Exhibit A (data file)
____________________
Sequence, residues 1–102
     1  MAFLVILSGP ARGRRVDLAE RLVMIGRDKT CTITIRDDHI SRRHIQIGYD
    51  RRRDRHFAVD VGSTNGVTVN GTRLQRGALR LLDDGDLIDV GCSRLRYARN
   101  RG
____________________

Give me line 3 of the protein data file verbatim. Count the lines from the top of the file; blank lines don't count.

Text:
    51  RRRDRHFAVD VGSTNGVTVN GTRLQRGALR LLDDGDLIDV GCSRLRYARN